>Christie’s Goes to Court

>It is true, dear reader, that The Courtier did not blog yesterday, due to a panoply of work-related matters which kept him running about all day long; he begs your forgiveness. Sometimes trying to both keep up with the law and with cultural events can lead to the latter having to yield to the former. However, today we have an interesting story in the press about the two coming together.

As the U.K. goes to the polls today – The Courtier always keeps a close eye on the returns for the Monster Raving Loony Party – what may get buried in the British news reports is word of an enormous lawsuit filed against British auction house Christie’s. Regular readers of these scribblings will recall that back in October, I wrote about a portrait drawing of a young lady in Renaissance dress, which was examined by experts using advanced scientific techniques and determined by some to have come from the hand of Leonardo Da Vinci. Christie’s part in the story came in 1997-1998, when the auction house accepted and then sold the piece in New York, attributing it to an unknown 19th century German painter.

From what I can tell in the press, having no access to the court’s filing system, the plaintiffs in this suit are the owner of the drawing at the time it was consigned for sale at Christie’s, and the animal rights foundation she helps to run. Though I do not have access to the complaint which was filed, I will probably find myself correct to guess that the piece was sold in order to raise funds for this foundation, which therefore would be a party to any litigation involving the sale – particularly with respect to whether any damages can be substantiated in court. According to reports the complaint alleges that, inter alia (as attorneys like to say), Christie’s failed to exercise due care in valuing the piece; press reports say that the plaintiff’s claim on this score is that Christie’s did not use scientific and other methods in evaluating the drawing, which were subsequently tried this past autumn and led to the Da Vinci attribution.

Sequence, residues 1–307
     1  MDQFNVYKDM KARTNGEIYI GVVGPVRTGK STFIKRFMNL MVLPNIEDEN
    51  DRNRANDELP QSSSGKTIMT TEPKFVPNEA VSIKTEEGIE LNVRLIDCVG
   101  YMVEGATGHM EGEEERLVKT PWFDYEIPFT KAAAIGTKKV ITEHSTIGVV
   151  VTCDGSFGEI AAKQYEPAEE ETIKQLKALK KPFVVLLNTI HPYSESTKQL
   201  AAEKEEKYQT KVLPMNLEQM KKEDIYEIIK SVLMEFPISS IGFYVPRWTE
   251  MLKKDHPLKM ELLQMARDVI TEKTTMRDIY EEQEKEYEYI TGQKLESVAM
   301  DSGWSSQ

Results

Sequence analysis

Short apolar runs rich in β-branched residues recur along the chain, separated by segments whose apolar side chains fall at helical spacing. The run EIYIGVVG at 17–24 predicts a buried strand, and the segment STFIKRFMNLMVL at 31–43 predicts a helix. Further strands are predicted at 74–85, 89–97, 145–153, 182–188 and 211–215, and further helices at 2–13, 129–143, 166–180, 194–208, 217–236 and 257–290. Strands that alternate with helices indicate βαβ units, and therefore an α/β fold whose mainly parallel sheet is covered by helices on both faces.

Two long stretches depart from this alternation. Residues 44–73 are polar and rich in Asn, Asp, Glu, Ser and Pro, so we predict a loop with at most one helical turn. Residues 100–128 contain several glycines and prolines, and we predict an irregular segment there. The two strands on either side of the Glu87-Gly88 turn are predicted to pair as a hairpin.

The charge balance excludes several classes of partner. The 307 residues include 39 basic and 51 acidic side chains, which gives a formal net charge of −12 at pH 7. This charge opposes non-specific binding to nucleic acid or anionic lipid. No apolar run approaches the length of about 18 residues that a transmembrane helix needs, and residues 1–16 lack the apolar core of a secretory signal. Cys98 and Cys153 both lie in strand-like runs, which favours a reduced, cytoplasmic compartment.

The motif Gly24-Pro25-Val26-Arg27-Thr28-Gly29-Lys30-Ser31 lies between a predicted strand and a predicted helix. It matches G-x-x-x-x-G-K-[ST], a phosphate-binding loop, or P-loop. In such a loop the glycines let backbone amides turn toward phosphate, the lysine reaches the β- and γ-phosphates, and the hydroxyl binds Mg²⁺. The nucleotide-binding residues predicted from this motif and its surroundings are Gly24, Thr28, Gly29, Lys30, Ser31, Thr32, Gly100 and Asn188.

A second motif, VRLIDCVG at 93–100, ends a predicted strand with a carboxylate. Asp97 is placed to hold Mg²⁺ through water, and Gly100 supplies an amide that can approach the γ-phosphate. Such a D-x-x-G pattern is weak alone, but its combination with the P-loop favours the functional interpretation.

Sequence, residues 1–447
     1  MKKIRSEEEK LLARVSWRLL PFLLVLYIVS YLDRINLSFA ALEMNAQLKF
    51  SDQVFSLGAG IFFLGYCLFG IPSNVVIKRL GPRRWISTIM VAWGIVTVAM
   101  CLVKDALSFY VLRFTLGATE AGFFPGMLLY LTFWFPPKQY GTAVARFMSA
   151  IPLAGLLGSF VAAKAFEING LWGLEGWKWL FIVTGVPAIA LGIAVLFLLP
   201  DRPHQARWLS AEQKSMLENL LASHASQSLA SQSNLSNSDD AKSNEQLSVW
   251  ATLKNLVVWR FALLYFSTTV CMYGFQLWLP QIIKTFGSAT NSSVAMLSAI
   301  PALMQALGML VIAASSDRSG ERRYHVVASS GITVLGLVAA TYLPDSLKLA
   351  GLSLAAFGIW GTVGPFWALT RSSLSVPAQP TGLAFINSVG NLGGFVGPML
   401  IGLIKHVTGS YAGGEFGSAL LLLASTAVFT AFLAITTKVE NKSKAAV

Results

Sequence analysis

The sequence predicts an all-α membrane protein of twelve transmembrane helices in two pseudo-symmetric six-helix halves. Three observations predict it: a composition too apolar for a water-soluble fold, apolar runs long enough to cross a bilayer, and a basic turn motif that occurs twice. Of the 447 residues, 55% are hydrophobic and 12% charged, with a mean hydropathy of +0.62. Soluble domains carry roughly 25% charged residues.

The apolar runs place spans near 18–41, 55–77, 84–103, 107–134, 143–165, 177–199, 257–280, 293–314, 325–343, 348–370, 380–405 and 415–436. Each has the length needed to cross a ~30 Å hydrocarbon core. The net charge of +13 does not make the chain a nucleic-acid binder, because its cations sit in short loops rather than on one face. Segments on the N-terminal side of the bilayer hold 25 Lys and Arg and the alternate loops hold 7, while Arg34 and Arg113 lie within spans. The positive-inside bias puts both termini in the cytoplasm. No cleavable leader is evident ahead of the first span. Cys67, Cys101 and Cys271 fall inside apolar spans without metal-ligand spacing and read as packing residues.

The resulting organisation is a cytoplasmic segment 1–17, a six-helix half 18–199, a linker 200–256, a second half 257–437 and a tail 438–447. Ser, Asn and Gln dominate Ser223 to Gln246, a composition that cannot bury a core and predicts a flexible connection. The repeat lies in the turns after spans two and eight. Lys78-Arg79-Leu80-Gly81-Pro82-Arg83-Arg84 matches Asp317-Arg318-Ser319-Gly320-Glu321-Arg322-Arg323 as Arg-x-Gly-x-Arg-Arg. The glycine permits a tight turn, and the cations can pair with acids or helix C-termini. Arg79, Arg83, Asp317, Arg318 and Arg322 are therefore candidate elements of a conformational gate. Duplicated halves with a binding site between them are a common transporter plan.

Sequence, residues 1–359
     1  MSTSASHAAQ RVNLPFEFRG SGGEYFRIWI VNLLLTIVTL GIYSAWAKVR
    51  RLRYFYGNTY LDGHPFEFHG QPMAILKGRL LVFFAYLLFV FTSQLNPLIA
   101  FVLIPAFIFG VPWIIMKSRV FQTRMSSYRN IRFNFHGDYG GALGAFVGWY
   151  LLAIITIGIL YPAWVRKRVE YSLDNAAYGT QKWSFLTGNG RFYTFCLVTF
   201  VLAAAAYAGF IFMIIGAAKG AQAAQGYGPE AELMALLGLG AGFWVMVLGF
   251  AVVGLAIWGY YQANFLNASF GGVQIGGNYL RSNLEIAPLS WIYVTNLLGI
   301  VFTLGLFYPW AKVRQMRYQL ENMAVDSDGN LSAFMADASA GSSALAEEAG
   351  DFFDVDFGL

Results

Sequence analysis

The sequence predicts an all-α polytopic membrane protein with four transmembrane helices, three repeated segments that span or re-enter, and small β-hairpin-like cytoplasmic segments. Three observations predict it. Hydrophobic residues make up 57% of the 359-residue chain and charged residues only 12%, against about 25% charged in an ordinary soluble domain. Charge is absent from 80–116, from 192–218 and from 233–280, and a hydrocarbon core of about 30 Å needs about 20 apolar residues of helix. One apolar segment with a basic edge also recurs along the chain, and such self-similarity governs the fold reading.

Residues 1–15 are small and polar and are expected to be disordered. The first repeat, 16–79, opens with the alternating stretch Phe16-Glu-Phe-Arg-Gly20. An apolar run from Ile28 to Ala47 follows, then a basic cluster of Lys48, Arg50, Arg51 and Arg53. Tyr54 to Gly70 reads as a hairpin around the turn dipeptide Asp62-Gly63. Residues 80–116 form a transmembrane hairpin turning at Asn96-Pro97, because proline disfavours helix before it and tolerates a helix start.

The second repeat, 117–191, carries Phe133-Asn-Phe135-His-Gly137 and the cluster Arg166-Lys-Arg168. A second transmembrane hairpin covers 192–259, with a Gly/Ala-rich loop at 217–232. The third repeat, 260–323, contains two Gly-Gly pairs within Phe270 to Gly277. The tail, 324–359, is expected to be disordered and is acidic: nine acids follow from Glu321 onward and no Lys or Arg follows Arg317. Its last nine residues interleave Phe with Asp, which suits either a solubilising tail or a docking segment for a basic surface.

As the plaintiff only filed suit yesterday, Christie’s has not yet filed what is usually referred to as an “answer” to the complaint. In their answer, Christie’s (as well as any other defendants named in the suit who will file their respective answers) will indicate their positions on the plaintiffs’ claims. A spokesman for the auction house has already indicated that Christie’s disagrees with the plaintiffs’ allegations, but this is merely a press statement, not a legal filing.

Putting aside the array of issues that may come up in this matter, one very interesting possibility here if the case proceeds to trial is that the court will be faced with what I often like to call “dueling experts”. Each side will retain an expert or experts to testify, based on their training, expertise and experience, with respect to the matters at issue. In this case, that means art experts, for one thing; presumably the pool will include art historians, art preservation technicians, academics, and so on.

The art experts will then, as I term it, duel for the court, parrying and thrusting by comparing and contrasting each others’ opinions. In doing so they will be trying to assist the parties and the court by providing informed opinions on the drawing. The finder of fact will then have to take this evidence into consideration and accept or reject it, in order to make their decision.

Admittedly The Courtier is going to sound like something of a nerd for saying so, but surely it would be an amazing opportunity to sit in and hear some of this testimony at trial. It is very rare that a case of this nature, involving an in-depth examination of the life and work of one of the great Old Masters, comes up in a courtroom setting. Should the case go to trial you can be assured, gentle reader, that I will pass along whatever happens to appear in news outlets about this.

Thurgood Marshall U.S. Courthouse,
U.S. District Court
Southern District of New York

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